I began by reaching out to Creekstone Farms themselves, asking if they indeed do perform Halal slaughter. I also wanted to know if all of their beef is processed Halal or just a portion of it. I assumed, at first, that they must have a Halal program that slaughters just a portion of their beef according to Islamic law.

Turns out that not only was Creekstone able to confirm that they perform Halal slaughter, their entire operation was actually Halal.

“All Creekstone Farms cattle are processed in a manner that meets the religious qualifications of Halal,” Courtney Every, Marketing Coordinator for Creekstone Farms, responded via email. “However, we only certify it as Halal if it is requested by the customer.”

So every one of the cattle at Creekstone Farms was being slaughtered in a Halal manner. But not every supplier ordering from the company would know that since they were ordering the beef because of its quality, not its Halal status. This means that there are probably a ton of restaurants all over America with Halal meat and they don’t even know it.


Creekstone’s Halal certification

Dr. Alabsy (middle) with the HTO crew at the 2014 Natural Products Expo West. [Photograph: Halal Transactions of Omaha Blog]

Dr. Alabsy (middle) with the HTO crew at a food expo. [Photograph: Halal Transactions of Omaha Blog]

While my head was spinning from all this, I needed some more grounding. As anyone familiar with Halal knows, there are different standards by which Halal is considered valid. Directly contacting the Halal certifier, Halal Transactions of Omaha, was the only way to know exactly how the cattle at Creekstone are slaughtered.

“We do certify the Halal beef of Creekstone Farms and all their beef is hand slaughtered,” wrote Dr. Ahmad Alabsy, director of HTO, in an email. “All the beef that we certify is hand slaughtered by trained Muslim slaughtermen. The Muslim slaughterman pronounces the Tasmiah, Bismillah Allahu Akbar, and the knife is used by hand to perform the slaughtering of animals.”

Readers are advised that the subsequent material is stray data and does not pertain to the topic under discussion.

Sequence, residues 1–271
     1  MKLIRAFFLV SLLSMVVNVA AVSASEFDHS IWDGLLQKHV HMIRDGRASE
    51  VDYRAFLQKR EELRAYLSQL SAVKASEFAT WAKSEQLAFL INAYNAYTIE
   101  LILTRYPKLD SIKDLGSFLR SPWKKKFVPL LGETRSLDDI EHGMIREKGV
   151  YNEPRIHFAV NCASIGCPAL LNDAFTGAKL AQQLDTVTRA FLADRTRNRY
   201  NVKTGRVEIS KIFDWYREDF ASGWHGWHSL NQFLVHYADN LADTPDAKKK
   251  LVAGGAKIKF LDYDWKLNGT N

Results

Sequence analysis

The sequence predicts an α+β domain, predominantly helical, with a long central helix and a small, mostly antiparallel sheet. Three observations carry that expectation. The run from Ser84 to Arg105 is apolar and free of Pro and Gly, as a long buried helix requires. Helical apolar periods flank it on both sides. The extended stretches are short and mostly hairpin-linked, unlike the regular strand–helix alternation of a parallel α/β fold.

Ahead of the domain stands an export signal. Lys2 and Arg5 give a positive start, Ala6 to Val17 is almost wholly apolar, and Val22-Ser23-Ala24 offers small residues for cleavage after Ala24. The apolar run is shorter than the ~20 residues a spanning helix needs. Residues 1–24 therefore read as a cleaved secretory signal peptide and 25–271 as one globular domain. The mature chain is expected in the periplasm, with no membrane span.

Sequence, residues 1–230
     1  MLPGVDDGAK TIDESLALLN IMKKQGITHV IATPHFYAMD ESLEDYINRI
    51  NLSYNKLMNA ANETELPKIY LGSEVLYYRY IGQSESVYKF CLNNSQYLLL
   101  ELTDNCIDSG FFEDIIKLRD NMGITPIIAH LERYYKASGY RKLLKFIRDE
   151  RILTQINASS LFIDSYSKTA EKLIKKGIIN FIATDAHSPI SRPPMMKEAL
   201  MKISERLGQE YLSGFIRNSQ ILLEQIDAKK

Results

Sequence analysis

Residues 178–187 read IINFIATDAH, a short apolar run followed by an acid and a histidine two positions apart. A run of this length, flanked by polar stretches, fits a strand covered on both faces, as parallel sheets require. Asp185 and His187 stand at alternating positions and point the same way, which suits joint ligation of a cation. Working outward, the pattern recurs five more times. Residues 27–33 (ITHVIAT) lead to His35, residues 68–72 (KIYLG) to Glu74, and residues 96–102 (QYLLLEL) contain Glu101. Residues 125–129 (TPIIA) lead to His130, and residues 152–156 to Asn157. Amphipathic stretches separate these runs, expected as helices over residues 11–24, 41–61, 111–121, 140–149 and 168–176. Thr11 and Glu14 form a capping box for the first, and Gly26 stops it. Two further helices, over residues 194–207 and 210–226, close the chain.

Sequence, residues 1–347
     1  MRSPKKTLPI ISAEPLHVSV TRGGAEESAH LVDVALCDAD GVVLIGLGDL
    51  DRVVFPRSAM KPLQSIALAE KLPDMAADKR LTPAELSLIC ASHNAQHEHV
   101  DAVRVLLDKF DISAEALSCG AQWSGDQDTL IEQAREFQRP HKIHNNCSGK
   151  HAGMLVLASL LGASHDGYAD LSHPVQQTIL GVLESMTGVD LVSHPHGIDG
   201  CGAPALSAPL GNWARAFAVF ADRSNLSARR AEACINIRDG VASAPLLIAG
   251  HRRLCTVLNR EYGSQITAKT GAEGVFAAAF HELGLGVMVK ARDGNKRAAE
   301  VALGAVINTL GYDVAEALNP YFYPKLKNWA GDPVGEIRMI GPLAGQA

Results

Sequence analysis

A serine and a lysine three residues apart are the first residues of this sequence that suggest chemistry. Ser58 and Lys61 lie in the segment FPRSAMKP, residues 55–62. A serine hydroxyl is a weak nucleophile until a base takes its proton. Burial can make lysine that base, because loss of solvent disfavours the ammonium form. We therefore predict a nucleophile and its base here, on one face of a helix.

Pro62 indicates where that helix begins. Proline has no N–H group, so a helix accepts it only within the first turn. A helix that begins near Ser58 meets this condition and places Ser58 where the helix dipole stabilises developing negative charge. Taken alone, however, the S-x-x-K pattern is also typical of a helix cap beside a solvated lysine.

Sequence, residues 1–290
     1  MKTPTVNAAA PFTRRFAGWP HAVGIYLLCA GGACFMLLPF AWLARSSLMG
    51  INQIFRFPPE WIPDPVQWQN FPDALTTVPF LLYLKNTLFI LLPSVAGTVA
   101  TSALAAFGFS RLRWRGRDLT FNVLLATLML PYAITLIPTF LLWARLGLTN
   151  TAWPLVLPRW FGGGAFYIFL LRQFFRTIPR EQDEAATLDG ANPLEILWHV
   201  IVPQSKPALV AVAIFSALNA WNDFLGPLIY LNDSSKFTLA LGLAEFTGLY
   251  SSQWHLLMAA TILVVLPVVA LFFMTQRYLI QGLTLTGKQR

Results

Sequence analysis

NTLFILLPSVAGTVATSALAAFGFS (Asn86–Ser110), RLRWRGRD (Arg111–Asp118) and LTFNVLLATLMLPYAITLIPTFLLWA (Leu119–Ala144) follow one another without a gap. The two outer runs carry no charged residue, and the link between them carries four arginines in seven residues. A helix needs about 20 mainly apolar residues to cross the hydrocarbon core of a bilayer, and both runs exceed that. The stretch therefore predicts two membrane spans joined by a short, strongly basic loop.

Holy cow. So the beef at Creekstone is slaughtered in a fully Halal manner: hand slaughtered (zabihah), by a Muslim, in God’s name.


Additionally, Dr. Alabsy mentioned that they train Muslim slaughtermen to perform slaughter in a Halal manner. While I was skeptical about how they can get a Muslim there at all times, it turns out that this is standard practice at many slaughterhouses that operate Halal. It just so happens that while researching all this I found a job posting from Creekstone Farms directly asking for Muslim slaughtermen to perform Halal slaughter. It also helped that when I spoke to Creekstone again, they confirmed that only Muslim employees perform the slaughter at their plant.

Last on the Halal issues, Dr. Alabsy addressed a misspeak in a New York Times article that states Creekstone’s stunning process instantly kills its cattle. “Actually, stunning by this method does not kill the animal instantly,” he explains. “(It) just becomes immobilized and less sensitive to pain while the heart still pumping for about 5 minutes, during which the animal is slaughtered – bled with a sharp knife.” While the cattle are stunned, they are not dead before slaughter, and thus, Halal.

Why would a company like Creekstone be Halal?

[Photograph: Larry W. Smith, New York Times]

[Photograph: Larry W. Smith, New York Times]

At this point, I was convinced. The company affirmed they operate Halal slaughter the the Halal certifier explained the standards by which they certify beef which they implemented at Creekstone.

The next question I then had was why? What would drive a company like Creekstone to convert to a fully Halal process?

According to to Rich Swearingen, head of international sales for Creekstone that Dr. Alabsy routed me to, the answer lies in the Middle East.

Apparently, within the past decade or so, the company decided to expand their business to the Middle East by getting into the meat export business. Restaurants in rich Gulf countries like the UAE or metropolitan cities like Cairo would probably pay top dollar for high quality fatty juicy American Angus beef which is in abundance over the leaner, scarcer local grass-fed stuff. Dr. Alabsy proposed the idea himself, the company went for it, and the rest is, as they say, history.

I’m convinced, how and where can I eat some Creekstone beef?

Epic Burger, Chicago [Photograph: Ali Fiaz]

Epic Burger, Chicago, click here for a review [Photograph: Ali Fiaz]

We’ve got all the info you need to get some Creekstone in a Halal manner. Just take a look at the following guides and additional material.

On Halal
Additional Reading